Healthcare Company And Lab Pay $845k To Resolve Federal And State False Claims Act Allegation(Hartford, CT) – Attorney General William Tong and John H. Durham, United States Attorney for the District of Connecticut, today announced that Cordant Health Solutions entered into a civil settlement with the federal and state governments and have paid $845,108 to resolve allegations that they violated the federal and state False Claims Acts.
Cordant Health Solutions, which is based in Denver, Colorado, provides healthcare testing and monitoring services nationwide, including laboratory services for urine drug testing. Cordant’s subsidiary, Secon of New England, is a laboratory located in Worcester, Massachusetts and Secon’s client, Crossroads, Inc., was a behavioral health residential treatment center located in New Haven, Connecticut. Many of the residents of Crossroads were enrolled in the Connecticut Medicaid program.
In 2015, Crossroads implemented a policy requiring its residents to submit to regular urine drug testing, largely for residential monitoring purposes. Crossroads ordered presumptive (screening) urine drug tests and definitive (confirmatory) urine drug tests for each resident weekly. In many cases, Crossroads ordered identical, duplicative tests for its residents more than two times a week, and as often as three, four, or five times a week. These urine drug tests were performed by Cordant and were billed to Connecticut Medicaid.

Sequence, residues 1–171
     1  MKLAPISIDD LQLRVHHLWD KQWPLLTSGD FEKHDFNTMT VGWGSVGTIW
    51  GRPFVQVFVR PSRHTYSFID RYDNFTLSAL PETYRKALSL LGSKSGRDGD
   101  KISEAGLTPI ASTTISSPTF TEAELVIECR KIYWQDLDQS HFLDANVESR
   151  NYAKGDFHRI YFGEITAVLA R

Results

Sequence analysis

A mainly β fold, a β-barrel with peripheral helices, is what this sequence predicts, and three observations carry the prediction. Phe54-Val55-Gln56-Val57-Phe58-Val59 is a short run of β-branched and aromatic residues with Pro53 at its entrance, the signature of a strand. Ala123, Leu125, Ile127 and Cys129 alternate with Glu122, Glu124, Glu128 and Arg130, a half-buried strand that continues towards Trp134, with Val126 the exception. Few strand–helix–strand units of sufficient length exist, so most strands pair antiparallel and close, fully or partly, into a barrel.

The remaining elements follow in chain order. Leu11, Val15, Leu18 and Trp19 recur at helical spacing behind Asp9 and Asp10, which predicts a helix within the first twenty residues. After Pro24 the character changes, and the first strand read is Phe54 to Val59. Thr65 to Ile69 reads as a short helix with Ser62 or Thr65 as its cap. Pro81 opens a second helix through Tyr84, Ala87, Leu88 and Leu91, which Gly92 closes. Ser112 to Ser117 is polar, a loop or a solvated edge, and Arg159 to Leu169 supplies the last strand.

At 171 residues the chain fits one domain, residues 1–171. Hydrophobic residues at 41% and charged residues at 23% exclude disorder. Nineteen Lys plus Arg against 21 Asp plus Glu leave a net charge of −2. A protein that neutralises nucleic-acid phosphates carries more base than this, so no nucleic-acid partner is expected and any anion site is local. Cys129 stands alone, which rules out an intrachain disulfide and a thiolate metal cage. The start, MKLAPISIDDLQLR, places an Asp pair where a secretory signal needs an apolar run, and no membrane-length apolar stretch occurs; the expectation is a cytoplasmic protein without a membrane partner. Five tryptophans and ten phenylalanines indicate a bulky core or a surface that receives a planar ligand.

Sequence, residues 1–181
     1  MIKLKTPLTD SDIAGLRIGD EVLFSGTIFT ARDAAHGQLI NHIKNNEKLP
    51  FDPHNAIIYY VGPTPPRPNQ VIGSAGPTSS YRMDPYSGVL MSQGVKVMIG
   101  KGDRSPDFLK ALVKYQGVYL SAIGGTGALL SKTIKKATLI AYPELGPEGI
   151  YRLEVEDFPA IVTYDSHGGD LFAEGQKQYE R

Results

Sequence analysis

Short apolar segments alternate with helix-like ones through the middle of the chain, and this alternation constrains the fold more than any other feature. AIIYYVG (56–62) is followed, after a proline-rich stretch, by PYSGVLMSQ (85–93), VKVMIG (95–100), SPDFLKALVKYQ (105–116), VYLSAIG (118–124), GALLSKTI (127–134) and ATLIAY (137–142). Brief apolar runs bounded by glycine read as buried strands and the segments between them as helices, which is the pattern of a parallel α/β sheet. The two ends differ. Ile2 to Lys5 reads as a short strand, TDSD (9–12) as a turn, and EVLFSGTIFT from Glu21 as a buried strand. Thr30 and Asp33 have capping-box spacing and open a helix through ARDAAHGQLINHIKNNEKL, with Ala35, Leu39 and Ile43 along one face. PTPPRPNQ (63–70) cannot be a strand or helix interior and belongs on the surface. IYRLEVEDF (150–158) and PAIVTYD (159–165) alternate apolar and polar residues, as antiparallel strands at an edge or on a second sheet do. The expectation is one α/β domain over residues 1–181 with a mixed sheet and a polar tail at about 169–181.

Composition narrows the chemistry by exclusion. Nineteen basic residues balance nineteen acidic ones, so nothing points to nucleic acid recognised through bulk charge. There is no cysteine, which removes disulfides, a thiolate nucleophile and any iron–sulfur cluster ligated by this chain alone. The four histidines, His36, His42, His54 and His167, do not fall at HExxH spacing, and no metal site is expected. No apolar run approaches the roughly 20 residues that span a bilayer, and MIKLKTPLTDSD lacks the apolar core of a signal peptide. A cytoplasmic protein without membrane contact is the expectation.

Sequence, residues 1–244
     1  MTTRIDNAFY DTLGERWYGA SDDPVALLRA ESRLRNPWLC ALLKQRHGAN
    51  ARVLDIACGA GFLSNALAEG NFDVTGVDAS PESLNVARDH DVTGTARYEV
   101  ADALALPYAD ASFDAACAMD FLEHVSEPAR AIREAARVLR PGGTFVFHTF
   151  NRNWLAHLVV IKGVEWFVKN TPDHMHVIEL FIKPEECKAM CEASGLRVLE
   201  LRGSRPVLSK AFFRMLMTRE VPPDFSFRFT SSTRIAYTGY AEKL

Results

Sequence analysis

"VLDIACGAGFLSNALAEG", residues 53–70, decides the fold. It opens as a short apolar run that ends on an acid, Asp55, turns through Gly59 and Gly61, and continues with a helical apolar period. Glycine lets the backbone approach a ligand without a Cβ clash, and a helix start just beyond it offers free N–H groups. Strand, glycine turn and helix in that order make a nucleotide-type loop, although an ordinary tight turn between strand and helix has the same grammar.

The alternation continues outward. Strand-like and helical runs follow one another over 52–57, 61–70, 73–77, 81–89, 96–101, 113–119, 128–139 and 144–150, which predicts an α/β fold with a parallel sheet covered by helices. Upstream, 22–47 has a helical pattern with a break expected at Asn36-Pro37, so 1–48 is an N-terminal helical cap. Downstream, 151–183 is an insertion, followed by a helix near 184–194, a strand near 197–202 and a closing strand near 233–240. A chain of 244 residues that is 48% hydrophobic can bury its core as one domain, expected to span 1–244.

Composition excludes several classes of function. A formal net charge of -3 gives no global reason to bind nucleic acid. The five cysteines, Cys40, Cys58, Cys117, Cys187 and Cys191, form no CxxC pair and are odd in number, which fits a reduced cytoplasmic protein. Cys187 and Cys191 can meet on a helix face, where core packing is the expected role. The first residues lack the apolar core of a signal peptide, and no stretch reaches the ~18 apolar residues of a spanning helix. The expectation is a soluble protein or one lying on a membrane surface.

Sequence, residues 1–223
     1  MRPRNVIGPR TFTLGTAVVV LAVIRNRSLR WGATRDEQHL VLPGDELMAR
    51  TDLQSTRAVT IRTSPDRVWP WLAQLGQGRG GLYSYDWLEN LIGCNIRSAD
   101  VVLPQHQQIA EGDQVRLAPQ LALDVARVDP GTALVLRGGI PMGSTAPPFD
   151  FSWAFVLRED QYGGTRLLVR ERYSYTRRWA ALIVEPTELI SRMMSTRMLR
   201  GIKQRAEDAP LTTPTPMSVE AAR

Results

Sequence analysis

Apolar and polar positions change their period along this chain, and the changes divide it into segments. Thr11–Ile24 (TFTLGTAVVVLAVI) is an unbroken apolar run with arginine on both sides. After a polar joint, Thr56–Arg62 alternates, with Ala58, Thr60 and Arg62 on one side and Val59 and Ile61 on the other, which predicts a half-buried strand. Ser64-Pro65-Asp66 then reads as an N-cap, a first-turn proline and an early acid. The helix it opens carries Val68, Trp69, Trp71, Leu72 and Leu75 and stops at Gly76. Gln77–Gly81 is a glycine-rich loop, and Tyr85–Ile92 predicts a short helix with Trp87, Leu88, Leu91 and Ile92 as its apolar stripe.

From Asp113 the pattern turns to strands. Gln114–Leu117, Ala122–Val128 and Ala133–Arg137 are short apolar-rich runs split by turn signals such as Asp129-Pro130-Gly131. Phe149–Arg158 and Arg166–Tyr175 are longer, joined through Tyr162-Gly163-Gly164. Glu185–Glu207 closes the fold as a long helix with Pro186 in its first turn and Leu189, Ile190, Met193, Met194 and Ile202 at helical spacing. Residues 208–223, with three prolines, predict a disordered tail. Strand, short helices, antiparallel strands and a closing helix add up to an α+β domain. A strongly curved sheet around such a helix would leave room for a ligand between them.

The government alleges that Cordant knew or should have known that the tests that Crossroads ordered for its residents more than two times a week were not medically necessary. The United States and the State of Connecticut contend that Cordant failed to report and return overpayments for the claims Connecticut Medicaid paid Cordant for performing these medically unnecessary urine drug tests.
“For two years, Cordant repeatedly billed Connecticut Medicaid for these medically unnecessary urine tests, violating public trust and taking advantage of our public healthcare programs,” Attorney General Tong said. “My office stands ready to take strong action, with our federal and state partners, against anyone who misuses our state’s Medicaid program to the detriment of both taxpayers and patients.”
To resolve the allegations under the federal and state False Claims Acts, Cordant has paid $845,108 to the federal and state governments for overpayments occurring between October 6, 2015, and February 8, 2017.
Attorney General Tong thanked the U.S. Health and Human Services Office of the Inspector General/Office of Investigations, the Office of the United States Attorney, the Connecticut Medicaid Fraud Control Unit, and the DSS Office of Quality Assurance for their coordination in this matter.
Anyone with knowledge of suspected fraud or abuse in the public healthcare system is asked to contact the Attorney General’s Antitrust and Government Program Fraud Department at 860-808-5040 or by email at email@example.com; the Medicaid Fraud Control Unit at 860-258-5986 or by email at firstname.lastname@example.org; or the Department of Social Services fraud reporting hotline at 1-800-842-2155, online at www.ct.gov/dss/reportingfraud, or by email to email@example.com.
Assistant Attorney General Gregory K. O’Connell, Forensic Fraud Examiner Kevin Jeffko, and Jeremy Pearlman, Chief of the Antitrust and Government Program Fraud Department, assisted the Attorney General with this matter.